{DID YOU KNOW} 4.6 seconds is the average time that your eyes are off the road when texting. During this short but crucial time frame, a vehicle traveling at 55 mph will cover 371 feet without watching the road in front of them. Furthermore, texting while driving a commercial vehicle results in a 23.2 times greater chance of being involved in a crash and/or lane deviation. Play it safe – the text can wait

< slow your roll > Driving too fast in dangerous conditions accounts for 23% of commercial motor vehicle crashes on the road, according to the Large Truck Crash Causation Study. If you find yourself driving on wet roadways, through thick fog, construction zones, curves, or gravel roads – chances are you need to slow down. #CanalInsurance #TruckingInsurance #CanalCautions

To read more of the study, click here: https://www.nhtsa.gov/sites/nhtsa.dot.gov/files/18esv-000252.pdf

< DID YOU KNOW > 13% of commercial motor vehicle drivers were considered to be fatigued at the time of their crash? Avoid driver fatigue by napping off the job, avoiding certain medications that may cause drowsiness, and maintaining a healthy diet. #CanalInsurance #TruckingInsurance #CanalCautions

Check out more helpful tips and tricks to avoid driver fatigue here: https://www.fmcsa.dot.gov/safety/driver-safety/cmv-driving-tips-driver-fatigue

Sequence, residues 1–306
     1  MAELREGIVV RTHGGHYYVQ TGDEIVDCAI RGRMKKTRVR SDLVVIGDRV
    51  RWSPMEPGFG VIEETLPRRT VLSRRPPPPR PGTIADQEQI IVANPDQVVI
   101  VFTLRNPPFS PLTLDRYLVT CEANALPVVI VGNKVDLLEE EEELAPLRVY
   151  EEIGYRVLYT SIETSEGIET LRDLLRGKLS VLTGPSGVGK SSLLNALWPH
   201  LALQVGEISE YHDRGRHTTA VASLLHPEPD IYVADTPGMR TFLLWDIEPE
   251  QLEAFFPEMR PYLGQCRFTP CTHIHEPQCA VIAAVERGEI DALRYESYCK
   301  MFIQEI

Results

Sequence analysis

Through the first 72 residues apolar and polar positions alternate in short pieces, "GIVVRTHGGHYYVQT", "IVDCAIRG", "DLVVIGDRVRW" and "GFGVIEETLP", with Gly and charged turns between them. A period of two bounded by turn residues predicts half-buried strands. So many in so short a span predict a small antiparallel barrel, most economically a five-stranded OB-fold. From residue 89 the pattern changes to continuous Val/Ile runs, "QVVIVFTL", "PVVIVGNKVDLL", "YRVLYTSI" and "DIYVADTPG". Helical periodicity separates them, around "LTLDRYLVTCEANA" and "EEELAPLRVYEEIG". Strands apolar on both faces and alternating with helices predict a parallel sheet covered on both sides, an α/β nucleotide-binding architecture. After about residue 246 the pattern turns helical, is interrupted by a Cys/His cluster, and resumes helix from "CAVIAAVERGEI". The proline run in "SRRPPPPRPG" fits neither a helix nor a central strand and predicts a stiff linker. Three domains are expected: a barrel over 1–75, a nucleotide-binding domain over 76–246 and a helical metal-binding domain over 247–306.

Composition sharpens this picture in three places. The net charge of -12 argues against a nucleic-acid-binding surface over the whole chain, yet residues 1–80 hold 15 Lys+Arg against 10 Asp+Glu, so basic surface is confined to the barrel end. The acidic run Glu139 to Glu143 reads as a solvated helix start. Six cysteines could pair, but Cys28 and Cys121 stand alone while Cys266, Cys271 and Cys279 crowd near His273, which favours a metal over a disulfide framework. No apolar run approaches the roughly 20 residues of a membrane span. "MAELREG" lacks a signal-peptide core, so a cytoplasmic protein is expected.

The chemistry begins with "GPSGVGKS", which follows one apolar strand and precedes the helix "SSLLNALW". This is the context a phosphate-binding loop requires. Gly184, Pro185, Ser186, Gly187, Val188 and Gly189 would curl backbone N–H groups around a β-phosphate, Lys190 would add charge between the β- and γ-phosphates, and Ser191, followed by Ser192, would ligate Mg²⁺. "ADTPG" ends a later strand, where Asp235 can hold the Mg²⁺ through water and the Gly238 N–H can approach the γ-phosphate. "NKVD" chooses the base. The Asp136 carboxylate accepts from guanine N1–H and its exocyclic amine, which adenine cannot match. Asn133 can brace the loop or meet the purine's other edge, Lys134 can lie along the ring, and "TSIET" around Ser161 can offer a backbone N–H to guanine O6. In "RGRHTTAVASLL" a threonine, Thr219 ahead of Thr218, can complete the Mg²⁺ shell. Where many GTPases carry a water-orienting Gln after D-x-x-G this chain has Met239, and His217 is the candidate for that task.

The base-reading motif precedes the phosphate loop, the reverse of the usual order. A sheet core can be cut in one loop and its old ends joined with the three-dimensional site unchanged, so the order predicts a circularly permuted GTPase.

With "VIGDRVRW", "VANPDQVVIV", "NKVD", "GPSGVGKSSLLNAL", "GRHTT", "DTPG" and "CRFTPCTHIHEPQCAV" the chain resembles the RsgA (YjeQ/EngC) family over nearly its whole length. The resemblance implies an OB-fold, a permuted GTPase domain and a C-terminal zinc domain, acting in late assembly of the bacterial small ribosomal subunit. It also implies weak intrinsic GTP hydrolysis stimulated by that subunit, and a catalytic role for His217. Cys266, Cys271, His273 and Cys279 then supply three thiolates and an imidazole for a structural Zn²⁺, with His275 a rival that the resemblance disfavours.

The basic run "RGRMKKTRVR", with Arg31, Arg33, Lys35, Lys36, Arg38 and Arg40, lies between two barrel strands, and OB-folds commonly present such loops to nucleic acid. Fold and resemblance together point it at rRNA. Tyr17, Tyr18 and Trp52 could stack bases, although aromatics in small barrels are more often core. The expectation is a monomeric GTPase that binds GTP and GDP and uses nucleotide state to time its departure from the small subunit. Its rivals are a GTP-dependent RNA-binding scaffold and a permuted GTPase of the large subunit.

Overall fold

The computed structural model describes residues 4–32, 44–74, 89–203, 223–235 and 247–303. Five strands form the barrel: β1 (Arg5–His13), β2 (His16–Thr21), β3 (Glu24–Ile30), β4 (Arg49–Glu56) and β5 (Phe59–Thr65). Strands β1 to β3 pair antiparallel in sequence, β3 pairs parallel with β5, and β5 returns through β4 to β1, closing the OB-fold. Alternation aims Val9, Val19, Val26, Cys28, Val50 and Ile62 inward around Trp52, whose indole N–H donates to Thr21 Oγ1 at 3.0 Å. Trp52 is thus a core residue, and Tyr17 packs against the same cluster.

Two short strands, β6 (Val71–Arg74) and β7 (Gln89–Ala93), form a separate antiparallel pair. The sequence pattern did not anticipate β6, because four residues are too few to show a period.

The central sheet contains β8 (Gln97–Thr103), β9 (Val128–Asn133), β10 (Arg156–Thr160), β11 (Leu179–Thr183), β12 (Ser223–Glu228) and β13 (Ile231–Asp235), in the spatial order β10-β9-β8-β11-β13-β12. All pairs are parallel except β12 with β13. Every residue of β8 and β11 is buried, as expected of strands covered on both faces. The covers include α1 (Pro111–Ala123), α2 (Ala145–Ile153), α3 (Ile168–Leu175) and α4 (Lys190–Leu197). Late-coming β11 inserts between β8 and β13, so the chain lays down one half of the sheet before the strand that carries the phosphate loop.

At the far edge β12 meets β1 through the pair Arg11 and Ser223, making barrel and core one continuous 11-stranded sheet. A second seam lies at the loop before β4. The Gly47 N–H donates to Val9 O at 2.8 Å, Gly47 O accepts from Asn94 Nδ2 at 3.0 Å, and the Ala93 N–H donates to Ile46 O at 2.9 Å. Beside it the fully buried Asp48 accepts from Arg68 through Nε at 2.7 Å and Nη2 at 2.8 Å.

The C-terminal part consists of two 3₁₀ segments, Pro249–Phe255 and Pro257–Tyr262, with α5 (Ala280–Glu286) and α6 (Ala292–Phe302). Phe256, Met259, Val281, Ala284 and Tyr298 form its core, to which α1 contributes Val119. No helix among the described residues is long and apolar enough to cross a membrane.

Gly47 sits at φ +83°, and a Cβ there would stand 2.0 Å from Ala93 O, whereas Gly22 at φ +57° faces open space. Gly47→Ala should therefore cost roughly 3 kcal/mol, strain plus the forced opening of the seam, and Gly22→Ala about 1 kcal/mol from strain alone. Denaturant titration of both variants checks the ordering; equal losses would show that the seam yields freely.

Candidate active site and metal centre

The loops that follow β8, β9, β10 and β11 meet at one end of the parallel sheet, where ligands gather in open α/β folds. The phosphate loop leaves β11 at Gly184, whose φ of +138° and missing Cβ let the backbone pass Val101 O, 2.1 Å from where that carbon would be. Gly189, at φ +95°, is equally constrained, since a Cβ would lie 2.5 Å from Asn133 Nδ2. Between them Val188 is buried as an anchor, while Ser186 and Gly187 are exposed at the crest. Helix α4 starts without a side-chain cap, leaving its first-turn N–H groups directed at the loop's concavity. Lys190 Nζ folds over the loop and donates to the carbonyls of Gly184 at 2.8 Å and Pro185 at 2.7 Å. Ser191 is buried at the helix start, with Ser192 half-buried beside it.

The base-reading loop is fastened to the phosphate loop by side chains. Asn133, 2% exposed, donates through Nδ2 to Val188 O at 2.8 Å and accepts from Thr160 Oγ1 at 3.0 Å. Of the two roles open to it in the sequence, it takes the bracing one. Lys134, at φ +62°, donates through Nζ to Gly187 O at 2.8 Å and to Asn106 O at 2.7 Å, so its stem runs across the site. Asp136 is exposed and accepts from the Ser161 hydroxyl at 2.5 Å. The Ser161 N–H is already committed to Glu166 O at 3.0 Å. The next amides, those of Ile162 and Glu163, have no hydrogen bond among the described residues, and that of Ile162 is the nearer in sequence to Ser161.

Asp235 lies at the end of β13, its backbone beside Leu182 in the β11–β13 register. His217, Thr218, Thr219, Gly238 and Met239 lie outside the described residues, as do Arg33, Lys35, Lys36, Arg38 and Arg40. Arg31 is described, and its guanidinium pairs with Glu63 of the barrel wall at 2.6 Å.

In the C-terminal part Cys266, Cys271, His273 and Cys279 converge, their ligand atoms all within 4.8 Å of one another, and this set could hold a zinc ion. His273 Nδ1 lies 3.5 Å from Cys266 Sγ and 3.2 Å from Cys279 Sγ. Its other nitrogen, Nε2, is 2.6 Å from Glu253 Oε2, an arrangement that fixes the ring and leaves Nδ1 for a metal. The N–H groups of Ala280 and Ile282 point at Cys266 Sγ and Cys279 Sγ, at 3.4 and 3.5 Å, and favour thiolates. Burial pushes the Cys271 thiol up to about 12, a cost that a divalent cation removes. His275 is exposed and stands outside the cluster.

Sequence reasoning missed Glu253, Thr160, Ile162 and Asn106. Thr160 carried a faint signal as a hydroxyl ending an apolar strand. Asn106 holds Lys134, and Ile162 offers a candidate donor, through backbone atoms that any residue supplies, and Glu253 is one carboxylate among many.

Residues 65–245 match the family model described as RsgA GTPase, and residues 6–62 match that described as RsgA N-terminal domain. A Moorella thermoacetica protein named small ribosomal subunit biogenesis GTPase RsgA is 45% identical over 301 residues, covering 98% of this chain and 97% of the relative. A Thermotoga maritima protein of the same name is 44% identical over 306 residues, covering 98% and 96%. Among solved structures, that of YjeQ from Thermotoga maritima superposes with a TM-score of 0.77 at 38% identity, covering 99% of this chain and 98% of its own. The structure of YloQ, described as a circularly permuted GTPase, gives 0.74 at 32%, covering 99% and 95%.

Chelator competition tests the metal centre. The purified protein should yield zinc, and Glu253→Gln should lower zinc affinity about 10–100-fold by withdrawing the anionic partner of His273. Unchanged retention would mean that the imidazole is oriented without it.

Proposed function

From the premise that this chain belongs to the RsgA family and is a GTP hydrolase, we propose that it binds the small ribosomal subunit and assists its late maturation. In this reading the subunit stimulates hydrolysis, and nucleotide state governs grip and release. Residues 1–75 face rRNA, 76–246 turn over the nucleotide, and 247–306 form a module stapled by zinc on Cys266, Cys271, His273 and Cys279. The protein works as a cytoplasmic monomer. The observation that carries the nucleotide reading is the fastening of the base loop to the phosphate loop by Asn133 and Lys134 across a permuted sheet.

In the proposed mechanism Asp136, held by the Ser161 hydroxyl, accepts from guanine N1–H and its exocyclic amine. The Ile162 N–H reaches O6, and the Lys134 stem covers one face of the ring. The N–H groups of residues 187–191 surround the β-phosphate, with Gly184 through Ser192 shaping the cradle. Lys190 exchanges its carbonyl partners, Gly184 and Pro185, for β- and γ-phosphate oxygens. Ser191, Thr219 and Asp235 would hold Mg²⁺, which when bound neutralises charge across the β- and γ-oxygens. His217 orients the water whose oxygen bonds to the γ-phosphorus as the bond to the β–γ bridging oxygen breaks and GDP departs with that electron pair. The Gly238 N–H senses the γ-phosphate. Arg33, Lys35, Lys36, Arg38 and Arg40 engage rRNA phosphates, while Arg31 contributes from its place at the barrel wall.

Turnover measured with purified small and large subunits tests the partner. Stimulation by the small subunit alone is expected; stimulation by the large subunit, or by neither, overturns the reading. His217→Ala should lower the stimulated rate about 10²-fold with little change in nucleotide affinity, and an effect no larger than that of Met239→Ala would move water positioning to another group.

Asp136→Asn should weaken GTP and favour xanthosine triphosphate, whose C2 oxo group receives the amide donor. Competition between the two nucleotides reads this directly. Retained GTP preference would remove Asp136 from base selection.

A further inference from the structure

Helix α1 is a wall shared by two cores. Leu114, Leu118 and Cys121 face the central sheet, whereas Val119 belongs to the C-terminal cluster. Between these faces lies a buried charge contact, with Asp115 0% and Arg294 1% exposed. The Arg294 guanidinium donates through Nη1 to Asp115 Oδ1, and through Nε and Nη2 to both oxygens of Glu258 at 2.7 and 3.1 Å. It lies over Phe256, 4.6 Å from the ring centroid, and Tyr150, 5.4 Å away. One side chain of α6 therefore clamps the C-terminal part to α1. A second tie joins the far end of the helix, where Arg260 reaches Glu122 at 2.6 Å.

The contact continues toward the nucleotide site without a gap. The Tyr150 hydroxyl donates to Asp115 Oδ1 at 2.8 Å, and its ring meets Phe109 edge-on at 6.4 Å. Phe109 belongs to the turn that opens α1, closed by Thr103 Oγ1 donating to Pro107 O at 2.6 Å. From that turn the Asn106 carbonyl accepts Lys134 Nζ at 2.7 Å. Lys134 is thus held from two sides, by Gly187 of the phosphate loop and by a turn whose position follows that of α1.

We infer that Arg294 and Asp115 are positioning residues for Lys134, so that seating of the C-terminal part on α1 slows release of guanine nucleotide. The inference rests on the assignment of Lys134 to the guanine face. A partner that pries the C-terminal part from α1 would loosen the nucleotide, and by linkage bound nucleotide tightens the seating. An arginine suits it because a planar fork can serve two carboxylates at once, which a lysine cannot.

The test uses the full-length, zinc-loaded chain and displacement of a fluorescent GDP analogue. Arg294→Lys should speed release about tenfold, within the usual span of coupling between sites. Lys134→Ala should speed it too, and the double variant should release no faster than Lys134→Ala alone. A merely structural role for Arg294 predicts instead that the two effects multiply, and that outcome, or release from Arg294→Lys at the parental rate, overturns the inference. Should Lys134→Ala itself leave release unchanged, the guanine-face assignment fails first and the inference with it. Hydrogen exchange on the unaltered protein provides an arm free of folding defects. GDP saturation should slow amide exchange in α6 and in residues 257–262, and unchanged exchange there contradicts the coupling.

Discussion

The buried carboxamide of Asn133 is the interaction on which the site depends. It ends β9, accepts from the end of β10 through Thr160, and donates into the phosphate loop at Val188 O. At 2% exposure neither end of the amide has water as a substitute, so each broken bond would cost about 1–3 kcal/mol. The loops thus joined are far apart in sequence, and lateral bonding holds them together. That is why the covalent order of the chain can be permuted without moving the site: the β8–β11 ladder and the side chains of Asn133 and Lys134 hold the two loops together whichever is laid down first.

avoidable bridge strikes
Did you know bridge strikes can be avoidable through better awareness of route restrictions along travel paths gained by paying closer attention to road signs and by the use of only those electronic navigation systems intended for trucks and buses, according to the FMCSA.

We may be working from home these days, but our truck drivers are still on the move. While navigating America’s highways, keep these simple (but effective) safety tips in mind when you’re on the road to reduce your exposure to COVID-19.

{DID YOU KNOW} Cargo tank rollovers are very common. According to the FMCSA, over 78% of rollovers involve driver error. As a driver, YOU are the key component for preventing rollovers.

Visit https://www.fmcsa.dot.gov/rolloverprevention to learn how rollovers happen, why they happen, and what you can do to avoid them.